^ He is not blond BLOND??
I finally watched men, yey Song, the 2010 Juniors in full force, I hope him and Hanyu have a great season. Liked his ex also!
From all the stuff I had read here I was waiting Chan worse, but I didnt think he was that bad, he just lost focus after the fall in steps. I liked the last minute of his program, he seemed to skate free. Btw I dont get the hair comments either, he looked the same to me as SC, no?
Ugh Brezina Lp is not my fav, music masacre, but I like his sp a lot so...
Don't remember who said it but there is no +SEQ penalty for 2A not in combo, unlike Triples and Quads
This is not a factor in the SP.
I agree, though that no one plans to fall. That would be a ridiculous strategy no matter what.
But the question was about risk. Score-wise, the risk factor goes down considerably when you have a good chance of getting half credit even if you fail. A skater might feel that it is worth going for the quad if his seccess rate in practice is only 50%, instead of waiting until it is 80%.
Last edited by Mathman; 11-21-2011 at 06:48 PM.
"Interesting choreography and solid composition" hasn't really improved with CoP. The composition of programs has arguably become worse, actually, with elements placed in such a way to maximize technical points rather than to maximize the choreography and meaningfulness of the program. The choreography itself is now much more packed with additional steps, turns, and edges in comparison to the past but that doesn't necessarily mean it's more interesting. Do you think G.I. Joe: The Rise of Cobra (http://www.imdb.com/title/tt1046173/) is a better film than Lost in Translation (http://www.imdb.com/title/tt0335266/) since the former had non-stop action sequences that required a lot more manpower and money and complex CGI to create?
Like most things in life, there needs to be a good balance and a sense of purpose. Complexity/difficulty/"busy work" just for the sake of it does not a great sport make. It's good that CoP has brought greater emphasis on pure skating ability back into the sport but that should not be allowed to overwhelm and diminish what makes figure skating truly inspirational - conjoining wonderful movement and positions on ice with music and performance art.
The CoP has many virtues and I can see why the majority of skaters, judges and skating experts like it. But it does place a barrier between the performances and the fans. To me, there is a loss of immediacy. (I know, I know -- the cure for what ails me is to study the rule book some more. )
I chose Javier as an example because (although I do like his skating and am a fan), to me, he is an especially egregious example of this phenomenon. Last season (e.g. 2011 Worlds), Javi was a 6-range skater in PCS. After his short program at Skate Canada, Javi's score shot up to firmly in the 7-range. Now, he skated very well and I see how he has improved in many areas in his skating over the summer, like in CH. So the 7s seemed justified to me. But after the LP, BOOM! All 8s, except for TR. And he really didn't skate as well as he did in the SP either. Even as a fan, I didn't think the 8s were justified.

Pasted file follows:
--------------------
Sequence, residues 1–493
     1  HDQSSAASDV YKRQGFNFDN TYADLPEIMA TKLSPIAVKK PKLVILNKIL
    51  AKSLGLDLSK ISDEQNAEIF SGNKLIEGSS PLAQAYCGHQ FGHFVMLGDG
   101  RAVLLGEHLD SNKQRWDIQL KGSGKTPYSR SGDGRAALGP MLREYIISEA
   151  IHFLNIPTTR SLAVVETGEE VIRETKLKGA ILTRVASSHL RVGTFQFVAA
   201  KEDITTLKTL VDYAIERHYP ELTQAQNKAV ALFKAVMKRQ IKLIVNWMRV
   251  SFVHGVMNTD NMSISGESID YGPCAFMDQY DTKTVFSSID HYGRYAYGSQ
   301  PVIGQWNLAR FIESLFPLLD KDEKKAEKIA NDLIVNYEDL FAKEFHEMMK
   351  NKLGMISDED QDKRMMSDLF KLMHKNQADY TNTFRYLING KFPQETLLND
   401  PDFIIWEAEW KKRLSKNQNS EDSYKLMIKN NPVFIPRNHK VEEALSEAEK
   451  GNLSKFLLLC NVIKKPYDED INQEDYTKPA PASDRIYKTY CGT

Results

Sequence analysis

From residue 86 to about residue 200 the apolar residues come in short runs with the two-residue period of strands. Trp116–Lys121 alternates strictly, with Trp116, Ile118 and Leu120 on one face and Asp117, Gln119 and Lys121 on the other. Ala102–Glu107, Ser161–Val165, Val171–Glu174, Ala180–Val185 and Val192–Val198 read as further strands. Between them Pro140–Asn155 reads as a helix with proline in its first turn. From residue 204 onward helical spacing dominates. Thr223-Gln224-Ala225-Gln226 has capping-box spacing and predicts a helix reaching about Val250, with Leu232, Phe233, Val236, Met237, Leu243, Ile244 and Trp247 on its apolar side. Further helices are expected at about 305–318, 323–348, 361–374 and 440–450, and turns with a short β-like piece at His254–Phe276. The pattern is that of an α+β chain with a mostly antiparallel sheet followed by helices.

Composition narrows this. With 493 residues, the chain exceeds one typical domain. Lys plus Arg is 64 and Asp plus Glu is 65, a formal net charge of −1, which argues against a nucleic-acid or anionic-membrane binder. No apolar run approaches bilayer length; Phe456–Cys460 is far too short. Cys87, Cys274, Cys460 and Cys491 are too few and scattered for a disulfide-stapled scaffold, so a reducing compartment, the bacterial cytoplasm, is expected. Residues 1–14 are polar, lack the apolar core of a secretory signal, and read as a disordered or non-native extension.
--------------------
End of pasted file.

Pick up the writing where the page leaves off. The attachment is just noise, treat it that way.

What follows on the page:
And yet we are told reputation, momentum, how you jumped, blah blah blah, aren't supposed to affect PCS like that under CoP. So what gives?
But I think that the intuition (if that's the right word) of a panel of expert judges is just as "correct" as the mathematical sums that determine the winner in the current system.
1) The opportunity to have up to two Double Axels in the LP, potentially worth a little more than 7 points in BV (if done in the 2nd half), or more than that of a Triple Lutz
2) Utilizing a slot for a 3 jump combination
The 2T behind the 3Lz was unnecessary as he had no plan of repeating the 3Lz. There are many choices he could have done in lieu of the 4F attempt. For one, he could do a 2A+1Lo+3S combo in lieu of the stand alone 3S and by not doing the 2T off the 3Lz. But more directly, the entire 4F pass could also be replaced by a 2A+2A sequence and pushed to the 2nd half for a 5.80 in BV, more than that of a 3F. I am sure you can agree that 2A+2A is far easier than any 4F attempt, hence he has a much higher chance of getting positive GOE than an almost certain negative GOE from a 4F attempt. Not to mention, the psychological bonus of having a "clean skate" which is a big plus when you are Daisuke Takahashi knowing his PCS potential.
I think your logic is flawed and no better example to illustrate this than Mao Asada's elusive Triple Axel attempt. You actually get less than half of the credit for a Quad or Triple Axel attempt when you receive a << notation. The value is approximately 40% of the Quad. For example, while a 4T is worth 10.3, a 4T<< is worth only 4.1. And if the 4T<< resulted in a fall, the value is most likely = 4.1 - 2.7 - 1.0 = 0.4 From 10.3 down to 0.4, I think it's hard to support your argument of "half credit even if you fail". You could fail a jump in many ways, falling on a Quad is hardly the only or necessarily the most serious way of ruining it. And if Asada's 3A is almost always fully rotated, her coach wouldn't be telling her to skip that jump for now. Because her 3A is seldom fully rotated, not because she falls that much on that jump. Many ladies have practiced doing 3A but few are willing to put it in competition because the whole argument that you get half credit even when you fail is simply untrue unless you are confident to actually rotate and land the jump. I feel the penalty for failing a high value jump is still quite severe.But the question was about risk. Score-wise, the risk factor goes down considerably when you have a good chance of getting half credit even if you fail. A skater might feel that it is worth going for the quad if his seccess rate in practice is only 50%, instead of waiting until it is 80%.